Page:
We review the grant of summary judgment de novo. See Ginsberg v. Healey Car & Truck Leasing, Inc., 189 F.3d 268, 270 (2d Cir.1999). Summary judgment is appropriate when, after reviewing the evidence in the light most favorable to the non-moving party, there is no genuine issue as to any material fact and the moving party is entitled to judgment as a matter of law. See Fed.R.Civ.P. 56(c); Tops Mkts., Inc. v. Quality Mkts., Inc., 142 F.3d 90, 95 (2d Cir.1998). A dispute is not “genuine” unless “the evidence is such that a reasonable jury could return a verdict for the nonmoving party.” Anderson v. Liberty Lobby, Inc., 477 U.S. 242, 248, 106 S.Ct. 2505, 91 L.Ed.2d 202 (1986).
To prevail on its trademark infringement and unfair competition claims, Nabisco must prove that ICE BREAKERS is a protectable trademark and that Warner-Lambert's use of DENTYNE ICE is likely to confuse consumers as to the source or sponsorship of Nabisco's ICE BREAKERS product. See Sports Auth., Inc. v. Prime Hospitality Corp., 89 F.3d 955, 960 (2d Cir.1996); Bristol-Myers Squibb Co. v. McNeil-P.P.C., Inc., 973 F.2d 1033, 1048 (2d Cir.1992). The parties agree, and, given our disposition of the matter, we may assume without deciding, that ICE BREAKERS is suggestive when used in connection with chewing gum and is therefore protectable as a trademark without proof that consumers associate it with Nabisco's product. See Lane Capital Management, Inc. v. Lane Capital Management, Inc., 192 F.3d 337, 344 (2d Cir.1999) ( “[S]uggestive marks are deemed inherently distinctive. Their intrinsic nature serves to identify a particular source of a product, so they will be automatically protected.”). However, a reasonable trier could not find for Nabisco on the likelihood of confusion element.
In addressing likelihood of confusion, we apply the eight factors set forth by Judge Friendly in Polaroid Corp. v. Polarad Electronics Corp., 287 F.2d 492, 495 (2d Cir.1961):
(i) the strength of plaintiff's mark;
(ii) the similarity of the parties' marks;
(iii) the proximity of the parties' products in the marketplace;
(iv) the likelihood that the plaintiff will bridge the gap between the products;
(v) actual confusion;
(vi) the defendant's intent in adopting its mark;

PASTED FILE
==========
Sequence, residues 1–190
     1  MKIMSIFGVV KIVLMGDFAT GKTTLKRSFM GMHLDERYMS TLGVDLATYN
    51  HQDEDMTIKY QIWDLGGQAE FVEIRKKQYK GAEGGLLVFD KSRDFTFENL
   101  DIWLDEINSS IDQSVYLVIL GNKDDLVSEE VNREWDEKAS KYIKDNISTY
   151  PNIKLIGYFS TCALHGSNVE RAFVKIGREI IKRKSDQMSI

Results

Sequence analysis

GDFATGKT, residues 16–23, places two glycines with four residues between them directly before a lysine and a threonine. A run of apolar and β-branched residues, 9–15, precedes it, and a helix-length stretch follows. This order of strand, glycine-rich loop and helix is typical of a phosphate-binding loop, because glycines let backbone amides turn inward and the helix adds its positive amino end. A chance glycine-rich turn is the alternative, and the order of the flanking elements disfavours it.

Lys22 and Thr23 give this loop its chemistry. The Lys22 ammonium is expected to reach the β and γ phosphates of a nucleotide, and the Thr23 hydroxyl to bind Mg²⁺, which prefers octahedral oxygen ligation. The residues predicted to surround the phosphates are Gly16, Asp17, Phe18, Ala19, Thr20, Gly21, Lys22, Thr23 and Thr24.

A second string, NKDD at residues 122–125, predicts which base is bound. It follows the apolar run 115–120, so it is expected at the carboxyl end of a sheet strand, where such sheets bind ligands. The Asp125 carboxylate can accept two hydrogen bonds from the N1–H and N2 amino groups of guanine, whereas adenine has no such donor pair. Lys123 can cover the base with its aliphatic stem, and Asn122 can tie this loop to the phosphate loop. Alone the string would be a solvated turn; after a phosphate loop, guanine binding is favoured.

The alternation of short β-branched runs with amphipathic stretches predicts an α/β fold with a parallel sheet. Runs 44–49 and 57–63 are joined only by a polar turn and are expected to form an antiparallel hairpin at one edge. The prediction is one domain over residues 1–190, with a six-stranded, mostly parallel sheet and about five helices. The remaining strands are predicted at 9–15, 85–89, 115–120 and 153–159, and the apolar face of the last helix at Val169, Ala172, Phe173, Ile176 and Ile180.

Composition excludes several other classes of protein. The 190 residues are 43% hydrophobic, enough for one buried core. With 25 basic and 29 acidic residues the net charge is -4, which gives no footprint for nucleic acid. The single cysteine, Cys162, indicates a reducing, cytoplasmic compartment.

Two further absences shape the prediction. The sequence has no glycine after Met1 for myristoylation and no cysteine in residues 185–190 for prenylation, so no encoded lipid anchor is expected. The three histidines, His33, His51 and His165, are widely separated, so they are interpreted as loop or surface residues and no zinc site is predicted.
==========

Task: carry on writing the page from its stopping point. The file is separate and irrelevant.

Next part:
(vii) the quality of the defendant's product; and
(viii) the sophistication of the relevant consumer group.
See also Estee Lauder Inc. v. Gap, Inc., 108 F.3d 1503, 1510 (2d Cir.1997). The predicate facts are reviewed on a clearly erroneous standard. The facts here are undisputed, however, and the issue is whether, on balance, the factors establish a likelihood of confusion. That is a question of law. See Bristol-Myers Squibb Co., 973 F.2d at 1043.
Although we generally do not treat any one Polaroid factor as dispositive in the likelihood of confusion inquiry, see Morningside Group Ltd. v. Morningside Capital Group, L.L.C., 182 F.3d 133, 139 (2d Cir.1999); Vitarroz Corp. v. Borden, Inc., 644 F.2d 960, 965-67 (2d Cir.1981), we have often stated that “the evaluation of the Polaroid factors is not a mechanical process where the party with the greatest number of factors weighing in its favor wins. Rather, a court should focus on the ultimate question of whether consumers are likely to be confused,” Paddington Corp. v. Attiki Importers & Distribs., Inc., 996 F.2d 577, 584 (2d Cir.1993) (internal quotation marks and citation omitted). Accordingly, in an appropriate case, the “similarity of the marks” factor can be dispositive and will warrant summary judgment for an infringement defendant “if the court is satisfied that the ․ marks are so dissimilar that no question of fact is presented.” See Resource Developers, Inc. v. Statue of Liberty-Ellis Island Found., Inc., 926 F.2d 134, 141 (2d Cir.1991) (quoting Universal City Studios, Inc. v. Nintendo Co., 746 F.2d 112, 116 (2d Cir.1984)).